He broke into tears as he spoke of his mentor during a strident acceptance speech that included numerous attacks on the United States, capitalist elites and the international media.
Maduro also claimed the allegiance of Venezuela's army, calling it "the armed forces of Chavez" as he pumped his fist in the air, a gesture that was reciprocated by the defense minister watching from the gallery. Critics have voiced increasing concern about the overt support the military has shown to the ruling party since Chavez's death despite a ban on the army's participation in politics.
The opposition largely boycotted the swearing-in, calling it unconstitutional. Henrique Capriles, Maduro's likely opponent in presidential election that must be called within 30 days, spoke condescendingly of the former bus driver and union leader, referring to him as "boy" and accusing him of "shamelessly" lying to the country.
New poll shows while most back gov't cutbacks, they'd also like more spent on pet programs
WASHINGTON (AP) — As President Barack Obama and lawmakers spar over huge federal deficits, they're confronted by a classic contradiction: Most Americans want government austerity, a survey shows, but they also want increased spending on a host of popular programs: education, crime fighting, health care, Social Security, the environment and more. Less for defense, space and foreign aid.
The newly released General Social Survey asked people whether they believe spending in specific categories is "too much," ''too little" or "about right." It covers the public's shifting priorities from 1973, when Richard Nixon was president, through 2012 with Obama in the White House.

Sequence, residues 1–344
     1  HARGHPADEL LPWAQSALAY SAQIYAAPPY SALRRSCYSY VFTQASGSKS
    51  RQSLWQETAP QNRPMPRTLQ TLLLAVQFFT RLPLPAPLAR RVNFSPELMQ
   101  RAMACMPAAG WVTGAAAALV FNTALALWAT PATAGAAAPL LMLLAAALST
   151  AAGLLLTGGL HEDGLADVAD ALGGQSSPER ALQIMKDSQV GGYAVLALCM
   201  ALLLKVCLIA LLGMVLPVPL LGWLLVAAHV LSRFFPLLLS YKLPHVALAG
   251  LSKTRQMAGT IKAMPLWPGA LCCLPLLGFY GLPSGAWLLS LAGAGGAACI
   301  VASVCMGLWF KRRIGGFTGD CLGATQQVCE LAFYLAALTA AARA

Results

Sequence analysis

"Despite a dislike of taxes, more people have always favored increases in spending than cuts," wrote the survey's director, Tom W. Smith, of the independent research organization NORC at the University of Chicago.
While people's priorities shift over the years, they've not changed on one category. Foreign aid has been stuck firmly in last place since the survey began. Last year, 65 percent of those surveyed thought there was "too much," 25 percent checked "about right" and a slim 11 percent said "too little." The numbers are not much changed from 1973 — when 73 percent said too much on foreign aid, 22 percent just right and 5 percent too little.
Various polls have consistently shown the public believes foreign aid is a far bigger slice of the spending pie than it actually is.
Senate Democrats' path to hanging onto majority status in 2014 is riddled with challenges